A Perfect Spyby John le Carré
The Pigeon Tunnel, John le Carré's first work of non-fiction, will be available from Viking in September/i>/b>/i>/i>/i>
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From the New York Times bestselling author of A Delicate Truth and Our Kind of Traitor which is soon to be a major motion picture starring Ewan McGregor
The Pigeon Tunnel, John le Carré's first work of non-fiction, will be available from Viking in September 2016
Over the course of his seemingly irreproachable life, Magnus Pym has been all things to all people: a devoted family man, a trusted colleague, a loyal friend—and the perfect spy. But in the wake of his estranged father’s death, Magnus vanishes, and the British Secret Service is up in arms. Is it grief, or is the reason for his disappearance more sinister? And who is the mysterious man with the sad moustache who also seems to be looking for Magnus?
In A Perfect Spy, John le Carré has crafted one of his crowning masterpieces, interweaving a moving and unusual coming-of-age story with a morally tangled chronicle of modern espionage.
From the Trade Paperback edition.
“The best English novel since the war.”—Philip Roth
“Brilliantly written.”—The Washington Post
“Le Carré’s best book, one of the enduring peaks of imaginative literature in our time.”—Los Angeles Times
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Chapter One In the small hours of a blustery October morning in a south Devon coastal town that seemed to have been deserted by its inhabitants, Magnus Pym got out of his elderly country taxi-cab and, having paid the driver and waited till he had left, struck out across the church square. His destination was a terrace of ill-lit Victorian boarding-houses with names like Bel-a-Vista, The Commodore and Eureka. In build he was powerful but stately, a representative of something. His stride was agile, his body forward-sloping in the best tradition of the Anglo-Saxon administrative class. In the same attitude, whether static or in motion, Englishmen have hoisted flags over distant colonies, discovered the sources of great rivers, stood on the decks of sinking ships. He had been travelling in one way or another for sixteen hours but he wore no overcoat or hat. He carried a fat black briefcase of the official kind and in the other hand a green Harrods bag. A strong sea wind lashed at his city suit, salt rain stung his eyes, balls of spume skimmed across his path. Pym ignored them. Reaching the porch of a house marked "No Vacancies" he pressed the bell and waited, first for the outside light to go on, then for the chains to be unfastened from inside. While he waited a church clock began striking five. As if in answer to its summons Pym turned on his heel and stared back at the square. At the graceless tower of the Baptist church posturing against the racing clouds. At the writhing monkey-puzzle trees, pride of the ornamental gardens. At the empty bandstand. At the bus shelter. At the dark patches of the side streets. At the doorways one by one.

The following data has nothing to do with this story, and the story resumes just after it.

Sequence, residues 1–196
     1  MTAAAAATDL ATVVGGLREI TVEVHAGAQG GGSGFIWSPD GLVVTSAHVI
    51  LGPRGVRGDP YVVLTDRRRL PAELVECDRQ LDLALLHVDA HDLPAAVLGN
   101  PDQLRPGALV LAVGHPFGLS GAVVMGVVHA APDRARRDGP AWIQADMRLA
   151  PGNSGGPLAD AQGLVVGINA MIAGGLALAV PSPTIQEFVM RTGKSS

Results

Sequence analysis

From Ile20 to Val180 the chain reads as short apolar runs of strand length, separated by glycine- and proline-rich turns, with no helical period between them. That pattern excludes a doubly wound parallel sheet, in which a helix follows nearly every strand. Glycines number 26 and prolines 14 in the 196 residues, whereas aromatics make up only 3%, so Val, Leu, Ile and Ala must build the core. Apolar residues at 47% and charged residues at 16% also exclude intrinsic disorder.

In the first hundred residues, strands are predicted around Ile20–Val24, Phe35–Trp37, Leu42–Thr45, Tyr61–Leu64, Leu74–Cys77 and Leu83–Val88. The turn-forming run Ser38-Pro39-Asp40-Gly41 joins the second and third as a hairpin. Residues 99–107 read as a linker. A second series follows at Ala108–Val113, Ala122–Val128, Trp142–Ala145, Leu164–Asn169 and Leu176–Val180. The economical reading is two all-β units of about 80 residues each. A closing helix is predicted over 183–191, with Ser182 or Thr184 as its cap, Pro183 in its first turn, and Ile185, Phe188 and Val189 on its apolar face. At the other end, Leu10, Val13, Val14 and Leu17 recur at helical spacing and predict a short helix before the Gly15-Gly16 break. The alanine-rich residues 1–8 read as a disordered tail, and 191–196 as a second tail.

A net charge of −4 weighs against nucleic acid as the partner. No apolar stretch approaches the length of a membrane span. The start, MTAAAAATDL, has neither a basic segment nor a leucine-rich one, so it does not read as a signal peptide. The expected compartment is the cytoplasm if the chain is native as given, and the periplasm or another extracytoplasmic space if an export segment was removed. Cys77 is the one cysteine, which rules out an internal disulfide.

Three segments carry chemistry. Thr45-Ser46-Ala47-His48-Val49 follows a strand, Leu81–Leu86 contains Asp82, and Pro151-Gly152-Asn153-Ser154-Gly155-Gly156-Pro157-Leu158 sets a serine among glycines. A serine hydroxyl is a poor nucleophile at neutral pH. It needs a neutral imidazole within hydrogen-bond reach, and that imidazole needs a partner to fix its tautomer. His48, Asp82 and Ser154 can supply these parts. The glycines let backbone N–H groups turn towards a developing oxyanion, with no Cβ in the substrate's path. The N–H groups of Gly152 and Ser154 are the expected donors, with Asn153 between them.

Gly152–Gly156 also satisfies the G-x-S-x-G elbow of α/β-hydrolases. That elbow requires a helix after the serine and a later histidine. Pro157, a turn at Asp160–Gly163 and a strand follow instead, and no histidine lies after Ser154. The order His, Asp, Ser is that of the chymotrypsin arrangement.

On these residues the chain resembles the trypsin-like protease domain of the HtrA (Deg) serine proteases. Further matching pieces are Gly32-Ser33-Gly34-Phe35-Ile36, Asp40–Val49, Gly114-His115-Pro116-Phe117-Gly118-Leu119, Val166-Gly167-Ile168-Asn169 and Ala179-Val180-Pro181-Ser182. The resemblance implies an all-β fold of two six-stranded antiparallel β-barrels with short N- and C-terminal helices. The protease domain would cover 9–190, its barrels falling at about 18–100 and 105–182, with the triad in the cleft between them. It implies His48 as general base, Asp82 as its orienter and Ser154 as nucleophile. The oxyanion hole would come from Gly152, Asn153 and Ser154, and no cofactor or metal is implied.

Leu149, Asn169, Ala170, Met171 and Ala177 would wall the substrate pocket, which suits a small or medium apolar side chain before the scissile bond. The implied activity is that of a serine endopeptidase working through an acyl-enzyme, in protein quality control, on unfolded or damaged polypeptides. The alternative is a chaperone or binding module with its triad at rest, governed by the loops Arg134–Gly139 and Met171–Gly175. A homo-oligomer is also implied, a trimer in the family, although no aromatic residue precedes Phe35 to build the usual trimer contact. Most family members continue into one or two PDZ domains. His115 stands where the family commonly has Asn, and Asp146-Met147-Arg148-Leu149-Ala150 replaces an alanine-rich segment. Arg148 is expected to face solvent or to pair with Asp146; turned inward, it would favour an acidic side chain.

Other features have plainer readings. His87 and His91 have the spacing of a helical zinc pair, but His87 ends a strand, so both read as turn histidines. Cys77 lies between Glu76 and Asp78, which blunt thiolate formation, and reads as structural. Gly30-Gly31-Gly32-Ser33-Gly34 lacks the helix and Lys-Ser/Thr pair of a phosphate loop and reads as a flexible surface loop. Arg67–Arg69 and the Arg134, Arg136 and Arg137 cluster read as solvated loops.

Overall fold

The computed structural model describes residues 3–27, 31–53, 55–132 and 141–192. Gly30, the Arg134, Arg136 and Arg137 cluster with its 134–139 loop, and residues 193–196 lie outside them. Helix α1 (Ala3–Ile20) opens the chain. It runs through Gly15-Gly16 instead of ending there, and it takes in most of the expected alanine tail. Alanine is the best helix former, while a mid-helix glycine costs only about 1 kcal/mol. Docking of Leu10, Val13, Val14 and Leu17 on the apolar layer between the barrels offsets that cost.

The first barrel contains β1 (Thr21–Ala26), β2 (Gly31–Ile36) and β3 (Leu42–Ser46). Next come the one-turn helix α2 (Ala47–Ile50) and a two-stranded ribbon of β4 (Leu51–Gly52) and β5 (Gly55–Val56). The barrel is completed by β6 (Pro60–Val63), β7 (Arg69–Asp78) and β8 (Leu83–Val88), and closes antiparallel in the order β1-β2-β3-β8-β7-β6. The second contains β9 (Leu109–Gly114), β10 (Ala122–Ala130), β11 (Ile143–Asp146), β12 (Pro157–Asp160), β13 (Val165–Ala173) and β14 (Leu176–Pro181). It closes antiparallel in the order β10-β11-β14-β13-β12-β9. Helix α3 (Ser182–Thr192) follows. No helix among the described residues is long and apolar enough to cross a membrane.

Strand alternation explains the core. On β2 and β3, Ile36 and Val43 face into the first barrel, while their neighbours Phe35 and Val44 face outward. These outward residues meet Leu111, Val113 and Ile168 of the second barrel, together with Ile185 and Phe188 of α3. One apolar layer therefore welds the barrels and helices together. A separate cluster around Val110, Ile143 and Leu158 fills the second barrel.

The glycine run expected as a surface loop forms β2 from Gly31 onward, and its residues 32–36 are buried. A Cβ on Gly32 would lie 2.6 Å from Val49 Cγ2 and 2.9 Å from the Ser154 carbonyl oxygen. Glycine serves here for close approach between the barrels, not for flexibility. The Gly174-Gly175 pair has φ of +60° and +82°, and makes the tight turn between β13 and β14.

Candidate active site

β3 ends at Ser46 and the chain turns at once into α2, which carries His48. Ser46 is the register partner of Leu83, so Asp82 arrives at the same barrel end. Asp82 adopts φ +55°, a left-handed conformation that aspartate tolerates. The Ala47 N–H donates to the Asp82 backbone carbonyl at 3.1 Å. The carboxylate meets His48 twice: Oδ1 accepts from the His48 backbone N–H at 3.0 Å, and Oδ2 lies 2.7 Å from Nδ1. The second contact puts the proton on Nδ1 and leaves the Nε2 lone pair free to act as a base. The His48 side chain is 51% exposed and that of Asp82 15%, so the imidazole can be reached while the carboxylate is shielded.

"Why Mr.Canterbury, it's you," an old lady's voice objected sharply as the door opened behind him. "You bad man. You caught the night sleeper again, I can tell. Why ever didn't you telephone?"
"Hullo, Miss Dubber," said Pym. "How are you?"
"Never mind how I am, Mr. Canterbury. Come in at once. You'll catch your death."
But the ugly windswept square seemed to have locked Pym in its spell. "I thought Sea View was up for sale, Miss D," he remarked as she tried to pluck him into the house. "You told me Mr. Cook moved out when his wife died. Wouldn't set foot in the place, you said."